In the midst of the biggest stock market drawdown since March of 2020 I had a major personal development . My son Ben was born on January 23rd which is interesting timing for the births of both my kids. My eldest Rowan was born on March 24, 2020. If you go back and look at the market on that day you will see that the market bottomed on March 23rd and started one of the great bull runs in 2020. March 24, 2020 was the best day in the stock market since the 1970s. Now 2 years later we are still dealing with the pandemic and the market is crashing again. Let’s hope that Ben’s arrival will herald a turnaround like Rowan’s did!
Why do stocks go down though? Well the common sense answer would be that good businesses go up in value and bad businesses go down in value. And over the long term, that is roughly correct. If you hold a good business for a long time, the value of your investment should go up.
However, we know things are never that simple. Even though a stock’s price over the long term will track the quality of the business, over the short term, the price can deviate wildly, and often becomes completely detached from the underlying business value. This is a good thing for us because it allows us to purchase great businesses at bargain prices, but can seem alarming when it is happening. This is also true of all stocks, large and small. The stock prices of some of the largest businesses in the world can become completely detached from the underlying business. We know this to be true because we can see it plainly in hindsight.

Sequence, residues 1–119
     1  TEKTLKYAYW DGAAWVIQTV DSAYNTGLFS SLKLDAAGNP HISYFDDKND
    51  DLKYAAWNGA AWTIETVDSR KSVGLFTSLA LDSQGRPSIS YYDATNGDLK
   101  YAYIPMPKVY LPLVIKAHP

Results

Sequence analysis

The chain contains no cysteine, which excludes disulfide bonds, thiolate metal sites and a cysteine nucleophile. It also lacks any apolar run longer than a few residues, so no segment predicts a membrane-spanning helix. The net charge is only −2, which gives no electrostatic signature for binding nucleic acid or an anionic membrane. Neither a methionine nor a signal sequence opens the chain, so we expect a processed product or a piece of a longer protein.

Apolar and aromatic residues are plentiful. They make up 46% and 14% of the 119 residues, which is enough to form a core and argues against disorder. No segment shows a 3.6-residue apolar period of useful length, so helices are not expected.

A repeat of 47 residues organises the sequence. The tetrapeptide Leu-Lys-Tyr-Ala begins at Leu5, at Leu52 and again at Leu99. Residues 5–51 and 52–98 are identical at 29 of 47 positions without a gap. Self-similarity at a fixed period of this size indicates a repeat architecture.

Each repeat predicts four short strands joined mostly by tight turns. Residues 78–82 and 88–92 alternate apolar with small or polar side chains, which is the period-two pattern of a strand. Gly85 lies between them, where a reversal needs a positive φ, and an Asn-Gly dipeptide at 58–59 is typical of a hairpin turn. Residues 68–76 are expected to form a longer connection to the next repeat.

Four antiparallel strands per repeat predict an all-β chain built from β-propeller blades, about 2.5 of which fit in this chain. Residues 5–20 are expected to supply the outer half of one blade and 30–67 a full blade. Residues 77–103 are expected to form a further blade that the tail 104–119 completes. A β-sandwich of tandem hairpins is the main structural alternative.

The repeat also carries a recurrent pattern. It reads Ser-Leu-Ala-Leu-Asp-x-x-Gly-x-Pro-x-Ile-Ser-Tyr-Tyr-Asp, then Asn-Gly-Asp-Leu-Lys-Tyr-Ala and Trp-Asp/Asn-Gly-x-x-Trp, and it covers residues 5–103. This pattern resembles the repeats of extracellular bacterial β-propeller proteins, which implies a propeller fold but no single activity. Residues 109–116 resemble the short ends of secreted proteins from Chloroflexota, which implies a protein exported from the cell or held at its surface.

Take for example Canadian Natural Resources (CNQ). CNQ is one of the biggest and best energy companies in Canada and in the world. In fact in my opinion it is one of the best businesses in Canada out of ALL sectors and not just energy. Despite it’s size and quality however, CNQ’s stock price can be very volatile. Prior to the pandemic CNQ’s stock price had peaked at $49.08 in July of 2018. During the start of the pandemic in the spring of 2020, all stocks crashed but in particular energy companies were hit especially bad. CNQ lost 80% of its value and you could have bought shares for as low as $9.80 on March 20, 2020. Of course the business quality didn’t change during that time, and the stock has subsequently recovered to new highs. It has rallied 569% since then and currently trades at $65.58. Anybody who sold their CNQ shares near the bottom missed out on a fortune. Thankfully I can say that we were buying CNQ stock in March of 2020.
Another story which doesn’t directly involve our clients was Amazon stock during the tech bubble and crash of 2000-2002. By December of 1999 Amazon was a hot internet startup in the midst of the biggest boom of all time. It’s stock price reflected this brilliance as it rose from $2 a share around the time of its IPO in May of 1997, all the way up to $113 a share in December of 1999. Anybody who had owned shares from the IPO got very rich. However, December 1999 was the peak for Amazon and over the next 2 years it’s stock lost 95% of it’s value and traded as low as $5.51 a share in October 2001.
If you had owned Amazon throughout this period it would have been very difficult to have bought at the IPO, made a huge fortune, and then lost nearly all of it, all within the span of just over 4 years. How many people would have been bullish on Amazon in October 2001? To be fair, there were some investors who were, but not many. Of course in hindsight we know that those Amazon bulls were absolutely correct as the stock has appreciated by 39,911% (WOW!) since then. Anybody who held Amazon stock from the IPO is much much richer now than they were in December of 1999.